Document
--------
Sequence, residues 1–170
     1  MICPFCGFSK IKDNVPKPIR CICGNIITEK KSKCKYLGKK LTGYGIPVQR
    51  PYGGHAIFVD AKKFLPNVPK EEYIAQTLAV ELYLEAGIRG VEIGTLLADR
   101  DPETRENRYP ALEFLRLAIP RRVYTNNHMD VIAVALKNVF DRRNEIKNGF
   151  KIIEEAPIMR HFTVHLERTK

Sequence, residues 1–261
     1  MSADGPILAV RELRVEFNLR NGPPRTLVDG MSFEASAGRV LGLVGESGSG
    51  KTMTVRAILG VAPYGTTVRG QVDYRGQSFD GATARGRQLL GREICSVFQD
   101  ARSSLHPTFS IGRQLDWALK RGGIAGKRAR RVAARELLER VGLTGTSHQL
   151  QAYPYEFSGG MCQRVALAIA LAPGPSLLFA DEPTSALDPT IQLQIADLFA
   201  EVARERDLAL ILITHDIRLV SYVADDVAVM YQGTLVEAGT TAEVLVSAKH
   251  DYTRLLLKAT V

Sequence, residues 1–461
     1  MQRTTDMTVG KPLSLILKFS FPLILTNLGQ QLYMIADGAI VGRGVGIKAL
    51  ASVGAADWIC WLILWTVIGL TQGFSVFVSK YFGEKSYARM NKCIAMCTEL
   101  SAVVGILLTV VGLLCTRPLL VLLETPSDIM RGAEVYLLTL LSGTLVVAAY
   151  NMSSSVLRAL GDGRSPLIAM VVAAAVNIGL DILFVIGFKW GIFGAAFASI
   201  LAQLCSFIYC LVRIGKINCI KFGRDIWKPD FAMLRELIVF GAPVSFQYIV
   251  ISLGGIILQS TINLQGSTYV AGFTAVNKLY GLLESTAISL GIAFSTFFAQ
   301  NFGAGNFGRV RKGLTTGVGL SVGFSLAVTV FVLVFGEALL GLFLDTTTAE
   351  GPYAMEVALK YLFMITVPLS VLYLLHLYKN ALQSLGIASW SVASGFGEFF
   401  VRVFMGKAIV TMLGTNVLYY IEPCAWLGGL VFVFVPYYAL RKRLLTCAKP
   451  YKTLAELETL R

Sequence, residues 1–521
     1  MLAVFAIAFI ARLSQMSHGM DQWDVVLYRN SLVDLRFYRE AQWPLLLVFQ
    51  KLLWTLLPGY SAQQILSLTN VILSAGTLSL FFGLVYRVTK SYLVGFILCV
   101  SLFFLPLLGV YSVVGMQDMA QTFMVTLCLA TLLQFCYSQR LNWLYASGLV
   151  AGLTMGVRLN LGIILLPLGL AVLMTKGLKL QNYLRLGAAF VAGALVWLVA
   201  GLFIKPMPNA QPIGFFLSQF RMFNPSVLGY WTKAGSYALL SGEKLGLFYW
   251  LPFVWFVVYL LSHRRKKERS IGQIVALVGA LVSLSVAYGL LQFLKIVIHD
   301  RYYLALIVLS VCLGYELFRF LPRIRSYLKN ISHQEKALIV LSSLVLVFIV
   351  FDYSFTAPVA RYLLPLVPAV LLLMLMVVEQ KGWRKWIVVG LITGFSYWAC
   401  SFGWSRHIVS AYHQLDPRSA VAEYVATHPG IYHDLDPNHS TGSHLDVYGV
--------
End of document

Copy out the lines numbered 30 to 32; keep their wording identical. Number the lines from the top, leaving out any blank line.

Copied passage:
   251  LPFVWFVVYL LSHRRKKERS IGQIVALVGA LVSLSVAYGL LQFLKIVIHD
   301  RYYLALIVLS VCLGYELFRF LPRIRSYLKN ISHQEKALIV LSSLVLVFIV
   351  FDYSFTAPVA RYLLPLVPAV LLLMLMVVEQ KGWRKWIVVG LITGFSYWAC